Instead of saying the input is 10 billion, or infinite - we say the input is n size. The exact size of the input doesn't matter, only how our algorithm performs with the worst input. We can still work out Big O without knowing the exact size of an input.

Big O is easy to read once we learn this table:

Where the further right they are, the longer it takes. `n`

is the size of the input. Big O notation uses these functions to describe algorithm efficiency.

In our shopping list example, in the worst-case of our algorithm it prints out every item in the list sequentially. Since there are `n`

items in the list, it takes O(n) time to complete the algorithm.

Other asymptotic (time-measuring) notations are:

**Informally** this is:

- Big Omega (best case)
- Big Theta (average case)
- Big O (worst case)

Let's walk through every single column in our "The Big O Notation Table".

## 🟢 Constant Time

Constant algorithms do not scale with the input size, they are constant no matter how big the input. An example of this is addition. 1 + 2 takes the same time as 500 + 700. They may take more *physical time,* but we do not add more steps in the algorithm for addition of big numbers. The underlying algorithm doesn't change at all.

We often see constant as O(1), but any number could be used and it would still be constant. We sometimes change the number to a 1, because it doesn't matter at all about how many steps it takes. What matters is that it takes a constant number of steps.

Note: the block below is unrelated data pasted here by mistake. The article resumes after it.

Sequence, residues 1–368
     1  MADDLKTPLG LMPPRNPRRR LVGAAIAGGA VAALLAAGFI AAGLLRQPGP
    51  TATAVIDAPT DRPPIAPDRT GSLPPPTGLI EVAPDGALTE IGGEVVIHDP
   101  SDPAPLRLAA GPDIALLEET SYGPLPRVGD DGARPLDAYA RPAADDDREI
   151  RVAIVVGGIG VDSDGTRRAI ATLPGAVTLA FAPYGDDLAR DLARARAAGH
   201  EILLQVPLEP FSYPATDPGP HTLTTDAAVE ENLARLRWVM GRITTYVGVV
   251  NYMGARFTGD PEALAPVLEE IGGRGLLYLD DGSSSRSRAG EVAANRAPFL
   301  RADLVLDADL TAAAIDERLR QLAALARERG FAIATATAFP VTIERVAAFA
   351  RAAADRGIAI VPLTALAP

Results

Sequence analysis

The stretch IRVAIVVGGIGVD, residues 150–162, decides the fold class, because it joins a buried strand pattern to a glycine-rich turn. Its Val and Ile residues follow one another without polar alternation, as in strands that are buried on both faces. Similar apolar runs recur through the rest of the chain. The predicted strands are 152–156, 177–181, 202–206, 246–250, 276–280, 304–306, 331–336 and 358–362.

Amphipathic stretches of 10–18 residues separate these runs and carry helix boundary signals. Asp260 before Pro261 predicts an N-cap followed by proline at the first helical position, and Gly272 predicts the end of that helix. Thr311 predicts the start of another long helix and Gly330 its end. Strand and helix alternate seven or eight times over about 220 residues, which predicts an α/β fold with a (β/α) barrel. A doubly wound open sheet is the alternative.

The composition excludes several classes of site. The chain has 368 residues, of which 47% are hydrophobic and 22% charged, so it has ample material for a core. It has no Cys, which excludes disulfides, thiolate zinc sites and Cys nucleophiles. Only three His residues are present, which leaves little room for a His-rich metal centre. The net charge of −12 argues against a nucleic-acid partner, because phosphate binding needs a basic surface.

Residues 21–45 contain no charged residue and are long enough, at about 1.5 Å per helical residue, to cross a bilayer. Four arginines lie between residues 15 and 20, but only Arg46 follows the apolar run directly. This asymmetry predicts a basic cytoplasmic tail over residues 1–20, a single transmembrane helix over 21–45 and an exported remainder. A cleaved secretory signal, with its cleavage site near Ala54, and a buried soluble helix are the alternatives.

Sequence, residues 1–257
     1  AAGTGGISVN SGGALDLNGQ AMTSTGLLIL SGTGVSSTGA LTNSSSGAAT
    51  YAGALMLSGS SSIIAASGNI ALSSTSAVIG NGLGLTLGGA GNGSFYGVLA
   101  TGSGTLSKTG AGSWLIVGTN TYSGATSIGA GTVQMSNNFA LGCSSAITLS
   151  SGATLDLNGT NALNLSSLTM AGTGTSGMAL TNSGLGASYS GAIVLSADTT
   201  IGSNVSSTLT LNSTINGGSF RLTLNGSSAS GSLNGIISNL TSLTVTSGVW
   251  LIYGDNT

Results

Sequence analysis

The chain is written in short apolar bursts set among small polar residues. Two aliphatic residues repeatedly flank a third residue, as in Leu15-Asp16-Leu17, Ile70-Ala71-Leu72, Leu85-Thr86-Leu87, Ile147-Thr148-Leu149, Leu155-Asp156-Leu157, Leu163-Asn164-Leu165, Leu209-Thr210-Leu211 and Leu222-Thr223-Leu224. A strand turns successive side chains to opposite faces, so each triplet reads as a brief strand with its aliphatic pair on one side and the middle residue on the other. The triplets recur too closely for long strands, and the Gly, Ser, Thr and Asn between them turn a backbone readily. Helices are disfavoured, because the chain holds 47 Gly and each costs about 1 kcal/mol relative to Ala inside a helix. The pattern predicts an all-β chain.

Constant time is the fastest of all Big O time complexities. The formal definition of constant time is:

It is upper-bounded by a constant

An example is:

```
def OddOrEven(n):
return "Even" if n % 2 else "Odd"
```

Or in Java:

```
boolean isEven(double num) { return ((num % 2) == 0); }
```

In most programming languages, all integers have limits. Primitive operations (such as modulo, `%`

) are all upper-bounded by this limit. If we go over this limit, we get an overflow error.

Because of this upper-bound, it satisfies O(1).

## 🔵 Logarithmic Time

Here's a quick explainer of what a logarithm is.

Log_{3}^{{9}}

What is being asked here is “3 to what power gives us 9?” This is 3 to the power of 2 gives us 9, so the whole expression looks like:

Log_{3}^{{9}} = 2

A logarithmic algorithm **halves** the list every time it’s run.

Let's look at binary search. Given the below sorted list:

```
a = [1, 2, 3, 4, 5, 6 , 7, 8, 9, 10]